Back at the end of July, I flew out to Salt Lake City, Utah to join my girlfriend on a car-camping trip along the Mirror Lake Scenic Byway that runs through the High Uinta Wilderness Area in the Wasatch-Cache National Forest. At the end of the trip, we stayed two nights in Brigham City, the gateway to the Bear River Migratory Bird Refuge. In many ways, Bear River is the “Bosque” of Utah.
I had only two days there, and the weather on the second day was somewhat uncooperative due to some storm systems that were moving through (the high winds were still blowing the next day for our flight out of Salt Lake, which made for a turbulent take-off!), but would say that the opportunities for great bird photography are there. Artie Morris took a trip out there in 2006, so my observation comes as little surprise. When I return, which will probably be in 2011 as the refuge is planning an extensive road paving project into the middle of next year, I would definitely try to time my visit for May or September.
The real treat for me at Bear River is the great numbers of American Avocets. Unfortunately, by the time I found an ideal pond on the side of the refuge road where the sun angle was perfect, the quality of the light was great, and the birds were close, it was also getting dark. Many of my pictures were made at ISO 800 on the 1D IIN, which is what I consider the limit for acceptable noise for wildlife photography (on that camera).
An aside: I made photos with the 5D Mark II at ISO 2500 and 3200 that I would have no shame in printing large as the noise is so low, but the IIN has real issues beyond 800. For photojournalism and sports, I don’t mind going to 1600, but 3200 is absolutely horrible. The 1D III is a different story, but so is its autofocus!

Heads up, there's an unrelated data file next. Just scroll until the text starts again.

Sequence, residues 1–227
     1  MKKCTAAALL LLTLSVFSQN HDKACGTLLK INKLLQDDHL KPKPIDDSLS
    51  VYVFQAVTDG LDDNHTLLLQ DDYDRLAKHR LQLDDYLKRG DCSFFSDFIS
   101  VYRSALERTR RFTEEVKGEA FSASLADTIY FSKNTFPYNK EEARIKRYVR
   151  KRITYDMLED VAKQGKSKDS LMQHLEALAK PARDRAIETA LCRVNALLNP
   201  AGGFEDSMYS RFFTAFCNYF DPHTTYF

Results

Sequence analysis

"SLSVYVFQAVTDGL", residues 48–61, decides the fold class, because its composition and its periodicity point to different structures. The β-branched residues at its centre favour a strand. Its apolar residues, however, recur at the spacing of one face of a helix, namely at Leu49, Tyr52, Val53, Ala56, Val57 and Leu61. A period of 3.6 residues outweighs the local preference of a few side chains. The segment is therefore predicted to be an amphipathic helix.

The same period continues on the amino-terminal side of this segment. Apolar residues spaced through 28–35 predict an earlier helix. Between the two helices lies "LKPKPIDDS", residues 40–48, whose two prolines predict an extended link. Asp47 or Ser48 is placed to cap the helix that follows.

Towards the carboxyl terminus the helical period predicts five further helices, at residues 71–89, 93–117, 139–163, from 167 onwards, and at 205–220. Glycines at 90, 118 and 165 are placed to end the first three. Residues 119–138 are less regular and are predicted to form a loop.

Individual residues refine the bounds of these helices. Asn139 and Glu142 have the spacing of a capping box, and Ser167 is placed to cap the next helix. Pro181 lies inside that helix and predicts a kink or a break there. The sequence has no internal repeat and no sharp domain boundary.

One thing that I truly enjoyed about Bear River in early August is that it felt like I had the refuge to myself. I passed very few other cars, but strangely saw only one other photographer. Amazingly, the opportunities for photography are not limited to birds and wildlife. The landscape of the refuge is stunning: the mountains in the background are reflected very clearly in the “units” of the refuge that have been flooded, essentially creating a large lake, and some of the wetland grasses and sedges make interesting, layered patterns.
More of this post after the jump!
On the last day, I was fortunate to find several Black-necked Stilts that seemed to be more than happy to pose for photographs–provided I stay inside the rental car (using it as a giant, mobile blind) with the driver’s side window rolled all the way down. I pretty much drove like we asked our drivers to do in Kenya: creep up a few feet, and turn the engine off. The birds would move, so fire the engine back up and move up and to the right another foot, then shut it back off.
I was using my Walt Anderson panning ground pod on the window sill. If I were to go back and approach the refuge as my primary destination, I would also bring a bean bag to give the ground pod a more substantial platform. The ground pod makes panning, and also turning the lens in the tripod collar, a very simple operation, and makes for sharper pictures.
Here, I wish that the sun angle on this young stilt was better (I wanted to go ahead of him and look back, but he would have none of it!), but I love the head angle and the catch light in the eye, as well as the behavior with the open bill.
I would say that if you are interested in migratory shorebirds, Bear River is a place you owe it to yourself to add to your list of places to go.